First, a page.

is an empty list ofstore_states=True
in options].
 result:
BlochRedfield Master Equation
This module provides solvers for the Lindblad master equation and von Neumann equation.
 brmesolve(H, psi0, tlist, a_ops=(), e_ops=(), c_ops=(), args=None, sec_cutoff=0.1, options=None, **kwargs)[source]
Solves for the dynamics of a system using the BlochRedfield master equation, given an input Hamiltonian, Hermitian bathcoupling terms and their associated spectral functions, as well as possible Lindblad collapse operators.
 Parameters:
 H
Qobj
,QobjEvo
Possibly timedependent system Liouvillian or Hamiltonian as a Qobj or QobjEvo. list of [
Qobj
,Coefficient
] or callable that can be made intoQobjEvo
are also accepted. psi0: Qobj
Initial density matrix or state vector (ket).
 tlistarray_like
List of times for evaluating evolution
 a_opslist of (a_op, spectra)
Nested list of system operators that couple to the environment, and the corresponding bath spectra.
 a_op
Qobj
,QobjEvo
The operator coupling to the environment. Must be hermitian.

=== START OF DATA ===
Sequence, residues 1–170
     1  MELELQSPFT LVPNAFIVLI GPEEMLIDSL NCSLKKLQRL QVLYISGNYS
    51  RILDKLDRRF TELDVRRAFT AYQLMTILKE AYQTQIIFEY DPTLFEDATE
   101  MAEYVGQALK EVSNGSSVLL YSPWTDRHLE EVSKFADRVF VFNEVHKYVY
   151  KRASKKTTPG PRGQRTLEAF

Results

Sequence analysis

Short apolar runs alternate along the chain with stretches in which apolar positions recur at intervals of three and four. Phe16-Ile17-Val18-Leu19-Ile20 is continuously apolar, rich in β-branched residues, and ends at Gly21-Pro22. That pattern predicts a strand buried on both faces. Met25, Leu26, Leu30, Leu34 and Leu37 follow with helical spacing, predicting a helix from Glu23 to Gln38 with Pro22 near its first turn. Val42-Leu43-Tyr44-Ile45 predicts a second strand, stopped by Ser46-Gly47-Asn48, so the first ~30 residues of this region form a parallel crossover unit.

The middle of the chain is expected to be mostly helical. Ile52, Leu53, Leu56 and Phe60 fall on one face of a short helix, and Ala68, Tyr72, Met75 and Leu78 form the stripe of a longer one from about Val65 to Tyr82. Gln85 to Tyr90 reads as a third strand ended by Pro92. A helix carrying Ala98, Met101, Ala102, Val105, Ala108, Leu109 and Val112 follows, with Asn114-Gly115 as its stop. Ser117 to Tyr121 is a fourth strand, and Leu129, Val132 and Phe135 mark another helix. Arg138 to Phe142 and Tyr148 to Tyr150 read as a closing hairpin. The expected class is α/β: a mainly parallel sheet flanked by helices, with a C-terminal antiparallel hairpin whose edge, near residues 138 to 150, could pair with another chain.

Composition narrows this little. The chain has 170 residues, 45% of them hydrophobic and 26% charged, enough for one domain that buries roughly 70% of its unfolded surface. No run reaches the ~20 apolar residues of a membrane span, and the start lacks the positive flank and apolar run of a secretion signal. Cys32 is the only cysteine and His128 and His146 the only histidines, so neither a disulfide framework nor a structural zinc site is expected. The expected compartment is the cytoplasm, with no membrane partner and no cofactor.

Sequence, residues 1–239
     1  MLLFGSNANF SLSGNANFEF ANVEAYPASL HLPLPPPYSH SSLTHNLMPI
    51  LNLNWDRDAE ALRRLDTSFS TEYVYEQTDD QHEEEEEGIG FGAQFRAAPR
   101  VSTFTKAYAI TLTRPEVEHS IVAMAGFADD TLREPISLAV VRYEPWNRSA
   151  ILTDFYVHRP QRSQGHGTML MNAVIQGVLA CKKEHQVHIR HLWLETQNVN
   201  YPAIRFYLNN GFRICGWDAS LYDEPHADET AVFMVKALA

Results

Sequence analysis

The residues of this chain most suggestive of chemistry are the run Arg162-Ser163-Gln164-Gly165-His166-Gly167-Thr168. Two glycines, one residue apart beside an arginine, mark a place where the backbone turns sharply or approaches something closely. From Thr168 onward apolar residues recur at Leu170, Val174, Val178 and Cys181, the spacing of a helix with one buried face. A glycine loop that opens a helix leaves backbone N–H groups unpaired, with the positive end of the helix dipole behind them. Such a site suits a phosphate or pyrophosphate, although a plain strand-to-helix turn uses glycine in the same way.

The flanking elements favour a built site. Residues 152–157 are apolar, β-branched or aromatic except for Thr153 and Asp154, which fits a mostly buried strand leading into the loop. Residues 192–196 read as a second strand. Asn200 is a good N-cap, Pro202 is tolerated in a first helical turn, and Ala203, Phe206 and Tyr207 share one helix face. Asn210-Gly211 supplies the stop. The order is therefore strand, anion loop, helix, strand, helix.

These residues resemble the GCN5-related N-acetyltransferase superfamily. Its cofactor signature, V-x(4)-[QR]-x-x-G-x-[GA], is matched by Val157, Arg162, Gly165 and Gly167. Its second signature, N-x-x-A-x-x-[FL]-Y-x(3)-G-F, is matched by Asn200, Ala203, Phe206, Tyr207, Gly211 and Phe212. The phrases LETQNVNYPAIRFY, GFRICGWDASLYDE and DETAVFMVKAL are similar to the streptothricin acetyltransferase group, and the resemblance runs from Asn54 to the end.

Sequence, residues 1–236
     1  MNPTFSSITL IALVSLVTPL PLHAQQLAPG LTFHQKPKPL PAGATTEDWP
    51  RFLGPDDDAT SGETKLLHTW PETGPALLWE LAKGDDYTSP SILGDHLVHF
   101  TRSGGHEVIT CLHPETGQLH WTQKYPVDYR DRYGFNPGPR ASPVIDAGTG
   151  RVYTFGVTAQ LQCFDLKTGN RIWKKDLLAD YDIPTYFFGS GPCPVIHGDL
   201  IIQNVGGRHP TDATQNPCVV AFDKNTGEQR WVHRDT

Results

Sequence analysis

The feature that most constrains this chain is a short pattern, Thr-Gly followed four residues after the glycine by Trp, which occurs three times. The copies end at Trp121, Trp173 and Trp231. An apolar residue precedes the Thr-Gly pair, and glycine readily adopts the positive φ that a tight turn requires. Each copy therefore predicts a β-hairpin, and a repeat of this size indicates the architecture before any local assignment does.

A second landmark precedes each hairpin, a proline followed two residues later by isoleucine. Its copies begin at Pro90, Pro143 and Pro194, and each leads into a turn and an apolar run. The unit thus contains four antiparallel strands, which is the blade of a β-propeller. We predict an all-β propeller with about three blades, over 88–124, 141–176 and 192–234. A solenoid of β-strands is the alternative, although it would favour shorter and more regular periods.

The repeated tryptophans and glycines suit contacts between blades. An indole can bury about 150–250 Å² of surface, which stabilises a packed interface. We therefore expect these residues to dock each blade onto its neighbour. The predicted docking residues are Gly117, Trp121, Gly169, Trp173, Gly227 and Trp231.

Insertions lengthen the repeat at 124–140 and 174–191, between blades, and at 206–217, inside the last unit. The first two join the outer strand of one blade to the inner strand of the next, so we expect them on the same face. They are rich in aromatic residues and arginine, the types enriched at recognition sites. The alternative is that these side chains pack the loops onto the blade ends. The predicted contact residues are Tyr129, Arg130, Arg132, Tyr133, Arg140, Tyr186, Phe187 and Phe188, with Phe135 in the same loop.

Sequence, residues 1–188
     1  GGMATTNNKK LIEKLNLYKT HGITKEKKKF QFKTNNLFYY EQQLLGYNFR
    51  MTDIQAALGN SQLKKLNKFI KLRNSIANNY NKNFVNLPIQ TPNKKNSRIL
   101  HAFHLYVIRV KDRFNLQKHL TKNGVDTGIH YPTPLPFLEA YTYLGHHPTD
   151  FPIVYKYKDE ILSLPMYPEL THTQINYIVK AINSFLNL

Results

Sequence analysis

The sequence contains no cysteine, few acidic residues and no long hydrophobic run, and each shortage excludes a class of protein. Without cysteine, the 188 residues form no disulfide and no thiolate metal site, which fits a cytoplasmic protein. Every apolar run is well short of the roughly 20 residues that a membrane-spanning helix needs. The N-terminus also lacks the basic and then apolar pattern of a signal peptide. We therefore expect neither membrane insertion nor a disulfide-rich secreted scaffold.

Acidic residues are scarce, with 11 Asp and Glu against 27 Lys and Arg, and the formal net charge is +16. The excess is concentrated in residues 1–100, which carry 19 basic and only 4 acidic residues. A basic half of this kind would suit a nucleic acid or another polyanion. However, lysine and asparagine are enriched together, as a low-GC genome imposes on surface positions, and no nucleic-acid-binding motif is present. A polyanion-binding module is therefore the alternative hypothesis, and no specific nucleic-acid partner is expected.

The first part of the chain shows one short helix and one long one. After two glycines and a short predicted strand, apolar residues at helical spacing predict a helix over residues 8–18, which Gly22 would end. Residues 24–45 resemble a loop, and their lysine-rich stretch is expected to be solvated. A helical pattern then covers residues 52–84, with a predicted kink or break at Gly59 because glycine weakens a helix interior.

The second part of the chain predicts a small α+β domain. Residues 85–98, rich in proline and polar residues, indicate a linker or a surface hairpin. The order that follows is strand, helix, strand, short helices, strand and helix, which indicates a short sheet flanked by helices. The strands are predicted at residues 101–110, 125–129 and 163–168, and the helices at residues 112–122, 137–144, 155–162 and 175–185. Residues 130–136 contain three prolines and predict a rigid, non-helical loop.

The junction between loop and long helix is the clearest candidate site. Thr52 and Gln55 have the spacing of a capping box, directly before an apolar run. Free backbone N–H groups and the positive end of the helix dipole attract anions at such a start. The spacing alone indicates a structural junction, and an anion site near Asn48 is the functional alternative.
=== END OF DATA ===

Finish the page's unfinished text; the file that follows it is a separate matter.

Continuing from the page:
spectra
Coefficient
, str, func The corresponding bath spectral responce. Can be a Coefficient using an ‘w’ args, a function of the frequence or a string. Coefficient build from a numpy array are understood as a function of
w
instead oft
. Function are expected to be of the signaturef(w)
orf(t, w, **args)
.The spectra function can depend on
t
if the correspondinga_op
is aQobjEvo
.
Example:
a_ops = [ (a+a.dag(), ('w>0', args={"w": 0})), (QobjEvo(a+a.dag()), 'w > exp(t)'), (QobjEvo([b+b.dag(), lambda t: ...]), lambda w: ...)), (c+c.dag(), SpectraCoefficient(coefficient(array, tlist=ws))), ]
 a_op
 e_opslist of
Qobj
/ callback function, optional Single operator or list of operators for which to evaluate expectation values or callable or list of callable. Callable signature must be, f(t: float, state: Qobj). See
expect
for more detail of operator expectation c_opslist of (
QobjEvo
,QobjEvo
compatible format), optional List of collapse operators.
 argsdict, optional
Dictionary of parameters for timedependent Hamiltonians and collapse operators. The key
w
is reserved for the spectra function. sec_cutofffloat, default: 0.1
Cutoff for secular approximation. Use
1
if secular approximation is not used when evaluating bathcoupling terms. optionsdict, optional